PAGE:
Have you ever thought about how you want to be remembered? At your funeral, as people reflect on the type of person you have been, your accomplishments and the experiences they have had with you, what will be the dominant thoughts in their minds? When they listen to your eulogy, what would you like for them to hear?
I remember when my family and I watched a television show called Undercover Boss. This particular episode featured Rick Arquilla, president and COO of Roto-Rooter.
Rick went undercover and posed as a rank-and-file employee to determine what it’s really like to work in the trenches of his own company. Needless to say, it was a humbling and eye-opening experience.
At the conclusion of the show, his eyes swelled with tears as he spoke about his employees. He said, “I don’t want to be remembered as just the guy who helped Roto-Rooter earn profits.” He went on to say he wanted to be remembered as the guy who made a difference in the lives of his employees.
Internationally-recognized leadership expert John C. Maxwell said, “Too often, leaders put their energy into organizations, buildings, systems, or other lifeless objects. But only people live on after we are gone. Everything else is temporary.”
My mentor, Jim Rohn, whose legacy will be recognized for generations to come, said, “The legacy we leave is part of the ongoing foundations of life. Those who came before leave us the world we live in. Those who will come after will only have what we leave them. We are stewards of this world, and we have a calling in our lives to leave it better than how we found it, even if it seems like such a small part.”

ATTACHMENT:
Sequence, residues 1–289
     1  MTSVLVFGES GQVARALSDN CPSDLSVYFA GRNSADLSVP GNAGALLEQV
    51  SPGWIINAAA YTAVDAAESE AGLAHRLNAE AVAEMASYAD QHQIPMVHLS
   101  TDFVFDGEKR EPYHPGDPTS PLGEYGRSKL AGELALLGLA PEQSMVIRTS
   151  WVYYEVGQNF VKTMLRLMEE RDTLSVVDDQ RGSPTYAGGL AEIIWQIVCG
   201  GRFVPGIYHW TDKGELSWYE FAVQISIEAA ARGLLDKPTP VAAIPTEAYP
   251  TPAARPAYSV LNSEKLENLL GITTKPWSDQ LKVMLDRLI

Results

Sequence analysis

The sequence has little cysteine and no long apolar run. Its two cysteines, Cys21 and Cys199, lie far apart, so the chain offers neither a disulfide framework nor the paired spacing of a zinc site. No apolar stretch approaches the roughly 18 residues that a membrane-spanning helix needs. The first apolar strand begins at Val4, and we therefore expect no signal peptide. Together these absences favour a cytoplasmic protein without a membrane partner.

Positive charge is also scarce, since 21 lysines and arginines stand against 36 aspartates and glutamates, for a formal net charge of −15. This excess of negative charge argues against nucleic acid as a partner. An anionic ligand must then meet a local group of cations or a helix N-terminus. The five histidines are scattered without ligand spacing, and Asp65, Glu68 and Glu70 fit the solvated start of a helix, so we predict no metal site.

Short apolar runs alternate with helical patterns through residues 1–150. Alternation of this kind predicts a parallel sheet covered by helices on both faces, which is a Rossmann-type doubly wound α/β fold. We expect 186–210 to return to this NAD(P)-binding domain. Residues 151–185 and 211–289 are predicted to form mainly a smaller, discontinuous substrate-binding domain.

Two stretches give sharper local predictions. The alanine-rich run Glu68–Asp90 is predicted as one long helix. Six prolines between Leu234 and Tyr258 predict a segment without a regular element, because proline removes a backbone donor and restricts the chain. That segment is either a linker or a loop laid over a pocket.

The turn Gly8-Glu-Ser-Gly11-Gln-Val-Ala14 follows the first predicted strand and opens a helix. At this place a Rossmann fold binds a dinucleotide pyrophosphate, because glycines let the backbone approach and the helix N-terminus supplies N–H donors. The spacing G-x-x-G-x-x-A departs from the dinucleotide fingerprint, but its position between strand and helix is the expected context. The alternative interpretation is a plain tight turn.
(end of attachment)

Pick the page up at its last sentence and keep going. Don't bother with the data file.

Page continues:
Author Ken Dychtwald and his colleagues at his company, Age Wave, discovered four “pillars of legacy” when conducting a survey amongst the elder generation and their baby boomer children. These pillars are: values and life lessons, instructions and wishes to be fulfilled, possessions of emotional value, and property and money.
Guess which pillar was most important to the survey participants.
Values and life lessons.
Dychtwald observed that “There’s this enormous craving, this desire for people in their maturity to share what they’ve learned, to pass on lessons of a lifetime, to teach, to feel that their life experience is being invested, even planted, into the field of tomorrow.” Dychtwald also found that “there was a similar response—a natural, innate appetite on the part of younger generations—to receive that.”
Now back to the Undercover Boss. Rick Arquilla’s comments reminded me of the soul-searching process I went through last year. Like Rick, I didn’t want to be remembered as just a successful entrepreneur.
I have been blessed to enjoy a unique career that has given me the opportunity to observe thousands of people both succeed and fail. And I have acquired unique insights and perspectives into what it takes to achieve your personal and professional best.
I found myself feeling a sense of responsibility to take the lessons I have learned over the last 30 years and “infuse” that knowledge into the minds of others.
This blog is the first step in creating my legacy. Each post shares my life lessons with the hope it will help others reach higher and achieve more than they would have without the benefit of my experiences.
So, what will your legacy be?
Even if you are in your teens or early 20s, it’s not too early to begin thinking about the life you want to live and the imprint you want to leave on the world.
It is easy to be selfish and only think about your personal desires, but I want to challenge you to start thinking about what you can do to make our world a better place for future generations.
While there are many things we can’t control, we can control how we are remembered.
Personal Brand, Recognition, Spiritual